Risks from "Too Much of a Good Thing"

Risks from "Too Much of a Good Thing"

April 05, 2024

Several of our clients hold what's described as "concentrated" positions in an individual stock. What this means is that perhaps more than 10% of their assets are in a single stock. Many of these stocks are in the tech or "big pharma" industries. Examples include Merck, Apple, Eli Lilly, Nvidia, Microsoft, and Facebook. While these stocks may have had big increases in value over time, they are also vulnerable to shifting tides and therefore can be a risky part of a person's assets.

One of the first steps in reviewing a new client’s investment portfolio is to identify risks that they might not be aware of. A concentrated position is one such large risk, much like “having all your eggs in one basket.”

We help our clients reduce their business and regulatory risk by methodically selling or otherwise reducing the amount of money invested in one stock. Ways that we have done this for clients include gifting to children (as they might be in a lower tax bracket), donating appreciated stock directly to a charity or other non-profit, setting up a donor-advised fund (DAF), or slowly selling the stock without triggering a huge tax bill.

Take big pharma, as described in detail in the following article recently published in Barron's, as one such large risk.

Big Pharma's Big Problems

The pharmaceutical business comes with an inherent ticking time bomb. Drugs—which may cost billions of dollars to develop and run through clinical trials—are only good for as long as they're under patent. Once those run out, pharma companies lose practically all of their pricing power. Cheaper generic copies of the same compounds flood the market in short order.

It makes pharma companies tough investments. That's the subject of this weekend's Barron's cover story by Josh Nathan-Kazis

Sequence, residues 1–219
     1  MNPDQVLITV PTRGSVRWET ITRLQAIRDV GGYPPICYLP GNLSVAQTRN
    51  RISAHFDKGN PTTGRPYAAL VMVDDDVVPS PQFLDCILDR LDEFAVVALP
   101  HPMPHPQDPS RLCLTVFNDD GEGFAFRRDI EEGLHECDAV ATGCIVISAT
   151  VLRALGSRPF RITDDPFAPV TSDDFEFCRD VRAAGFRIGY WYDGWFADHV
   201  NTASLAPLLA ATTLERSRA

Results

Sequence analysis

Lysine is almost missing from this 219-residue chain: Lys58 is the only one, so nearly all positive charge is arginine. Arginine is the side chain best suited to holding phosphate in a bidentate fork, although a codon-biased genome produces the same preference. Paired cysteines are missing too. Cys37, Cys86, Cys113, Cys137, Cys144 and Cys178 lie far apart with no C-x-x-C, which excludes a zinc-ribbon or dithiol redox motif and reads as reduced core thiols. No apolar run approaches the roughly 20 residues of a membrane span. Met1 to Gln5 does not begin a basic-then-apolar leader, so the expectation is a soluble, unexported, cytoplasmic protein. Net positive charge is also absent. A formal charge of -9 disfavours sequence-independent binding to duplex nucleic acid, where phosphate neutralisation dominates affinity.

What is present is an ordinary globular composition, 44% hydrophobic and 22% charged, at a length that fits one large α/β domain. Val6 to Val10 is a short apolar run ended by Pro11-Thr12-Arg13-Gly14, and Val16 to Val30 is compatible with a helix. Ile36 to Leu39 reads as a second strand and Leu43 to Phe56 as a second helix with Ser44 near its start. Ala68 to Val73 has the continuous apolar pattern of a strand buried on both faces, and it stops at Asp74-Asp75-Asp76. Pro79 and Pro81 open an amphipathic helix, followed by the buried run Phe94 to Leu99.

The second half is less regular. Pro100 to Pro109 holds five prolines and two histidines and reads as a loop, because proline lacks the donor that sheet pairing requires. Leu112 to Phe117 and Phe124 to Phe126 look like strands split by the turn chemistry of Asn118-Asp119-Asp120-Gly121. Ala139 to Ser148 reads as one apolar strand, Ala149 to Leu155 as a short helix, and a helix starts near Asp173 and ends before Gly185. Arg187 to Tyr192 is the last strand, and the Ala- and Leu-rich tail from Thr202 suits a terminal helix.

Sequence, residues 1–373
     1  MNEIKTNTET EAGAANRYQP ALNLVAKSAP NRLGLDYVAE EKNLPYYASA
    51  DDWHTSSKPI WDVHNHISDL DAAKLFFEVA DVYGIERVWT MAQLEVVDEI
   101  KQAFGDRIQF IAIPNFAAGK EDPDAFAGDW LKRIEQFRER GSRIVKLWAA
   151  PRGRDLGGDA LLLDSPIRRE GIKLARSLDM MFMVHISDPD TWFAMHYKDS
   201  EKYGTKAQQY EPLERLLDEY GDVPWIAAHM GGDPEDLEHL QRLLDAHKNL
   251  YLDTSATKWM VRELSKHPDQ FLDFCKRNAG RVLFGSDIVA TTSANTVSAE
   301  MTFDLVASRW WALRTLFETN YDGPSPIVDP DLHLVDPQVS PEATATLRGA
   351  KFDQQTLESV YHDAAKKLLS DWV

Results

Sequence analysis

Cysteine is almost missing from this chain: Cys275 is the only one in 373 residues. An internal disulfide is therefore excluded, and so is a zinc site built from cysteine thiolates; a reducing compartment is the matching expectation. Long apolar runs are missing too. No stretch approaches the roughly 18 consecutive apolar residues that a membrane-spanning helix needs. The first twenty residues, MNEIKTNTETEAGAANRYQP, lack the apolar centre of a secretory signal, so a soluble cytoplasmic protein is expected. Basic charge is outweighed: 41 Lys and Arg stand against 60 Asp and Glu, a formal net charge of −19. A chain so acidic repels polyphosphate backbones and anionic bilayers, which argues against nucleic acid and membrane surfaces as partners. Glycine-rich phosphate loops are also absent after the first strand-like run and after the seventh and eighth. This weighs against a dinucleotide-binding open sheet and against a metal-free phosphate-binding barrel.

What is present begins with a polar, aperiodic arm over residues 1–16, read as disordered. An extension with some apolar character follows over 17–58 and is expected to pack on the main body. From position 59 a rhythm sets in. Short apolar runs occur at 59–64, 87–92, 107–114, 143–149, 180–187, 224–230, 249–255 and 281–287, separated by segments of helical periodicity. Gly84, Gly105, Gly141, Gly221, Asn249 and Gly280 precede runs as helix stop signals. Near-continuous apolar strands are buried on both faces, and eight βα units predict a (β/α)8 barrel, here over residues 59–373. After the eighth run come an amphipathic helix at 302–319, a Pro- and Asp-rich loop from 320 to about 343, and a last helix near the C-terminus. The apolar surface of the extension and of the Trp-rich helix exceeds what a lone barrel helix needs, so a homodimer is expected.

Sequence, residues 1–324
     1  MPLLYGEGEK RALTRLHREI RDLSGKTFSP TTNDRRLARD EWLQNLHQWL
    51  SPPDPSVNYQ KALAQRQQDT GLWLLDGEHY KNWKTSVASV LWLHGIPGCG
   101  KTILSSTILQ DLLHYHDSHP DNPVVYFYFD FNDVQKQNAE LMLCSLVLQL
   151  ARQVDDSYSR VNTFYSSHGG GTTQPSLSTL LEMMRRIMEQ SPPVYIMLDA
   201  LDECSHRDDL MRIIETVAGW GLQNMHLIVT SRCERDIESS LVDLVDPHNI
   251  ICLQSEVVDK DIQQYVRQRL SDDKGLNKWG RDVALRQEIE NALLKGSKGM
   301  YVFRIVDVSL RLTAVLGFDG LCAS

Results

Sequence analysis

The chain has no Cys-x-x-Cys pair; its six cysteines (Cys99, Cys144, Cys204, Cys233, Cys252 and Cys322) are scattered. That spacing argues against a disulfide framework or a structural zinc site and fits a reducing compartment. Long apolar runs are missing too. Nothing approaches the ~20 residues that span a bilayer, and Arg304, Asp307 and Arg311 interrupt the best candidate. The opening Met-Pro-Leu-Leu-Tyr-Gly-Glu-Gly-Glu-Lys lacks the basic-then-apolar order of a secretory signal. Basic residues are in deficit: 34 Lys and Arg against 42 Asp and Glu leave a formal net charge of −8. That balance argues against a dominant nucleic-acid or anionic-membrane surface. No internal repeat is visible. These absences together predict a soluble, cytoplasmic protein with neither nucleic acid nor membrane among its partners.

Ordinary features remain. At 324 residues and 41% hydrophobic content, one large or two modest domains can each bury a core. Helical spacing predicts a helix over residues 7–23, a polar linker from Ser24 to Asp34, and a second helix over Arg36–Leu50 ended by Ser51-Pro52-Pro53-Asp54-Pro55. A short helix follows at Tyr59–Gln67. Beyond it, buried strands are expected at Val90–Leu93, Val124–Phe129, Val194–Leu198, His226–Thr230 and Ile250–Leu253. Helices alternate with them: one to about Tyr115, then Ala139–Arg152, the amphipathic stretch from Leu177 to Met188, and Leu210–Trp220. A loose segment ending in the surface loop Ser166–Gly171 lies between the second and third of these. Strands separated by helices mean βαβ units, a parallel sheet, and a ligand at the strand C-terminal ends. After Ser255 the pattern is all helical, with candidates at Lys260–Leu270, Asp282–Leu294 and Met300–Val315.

Josh wrote:

Decades of efforts by these companies haven’t changed a fundamental truth: Drugmakers eventually lose exclusive rights to their best inventions. Think of rivals being allowed to sell perfect clones of Apple’s iPhone, or McDonald’s having to share its Golden Arches. New laws allowing Medicare to negotiate the prices it pays for some medicines—before patents expire—only exacerbates the issue.

Allowing companies to make cheaper copies of branded medicines has been a win for humanity, but it is an ongoing loss for investors—a fact that seems to get overshadowed amid hype for the next big drug. Over time, Big Pharma stocks haven’t worked as long-term investments.

Pfizer, Merck, Johnson & Johnson, and Bristol Myers Squibb have all trailed the S&P 500’s performance over the past five-, 10-, 15-, and 20-year periods, even if you take into account their generous dividends. European drug companies GSK and Sanofi have similar records. Eli Lilly and Novo Nordisk have been standout exceptions, but their performance has been boosted by the recent rapid success of weight-loss drugs. In just over a decade for Lilly, and just under a decade for Novo, those treatments will face patent expirations, too—and the pattern could restart.

The result is a boom-and-bust dynamic for many pharma stocks that makes them resemble trading vehicles more than long-term, buy-and-hold investments. 

Studies show that, on average, the first copycat competitor tends to follow a new drug's launch within 15 years. Once generic alternatives enter the market, pharma companies face a so-called “patent cliff.” That's an apt metaphor: competition from generics can lead to prices dropping more than 95%, Josh writes.

Take Merck, whose blockbuster cancer therapy Keytruda brought in 42% of its revenue last year. That's set to go off-patent in the U.S. in 2028. By 2030, drugs that had combined sales of more than $30 billion for Merck last year will go off-patent. That's a lot of revenue to have to replace.

For Bristol Myers, the total is more than $23 billion in revenue from drugs set to go off-patent by 2030. Pfizer needs to replace some $17 billion in sales by the end of the decade.

The new Medicare price-negotiation regime signed into law in 2022 adds another wrinkle for pharma companies.

While concentrated positions in certain big pharma stocks may have fueled impressive returns in the past, the inherent risks associated with patent expirations and changing regulations can significantly impact their future performance. Here at Gallant Financial Planning, we take a comprehensive approach to portfolio management, prioritizing diversification, values alignment, and mitigating risks. If you're concerned about the health of your investment portfolio, we encourage you to schedule a free consultation with us. We'll work with you to develop a personalized plan that aligns with your risk tolerance, values, and long-term financial goals.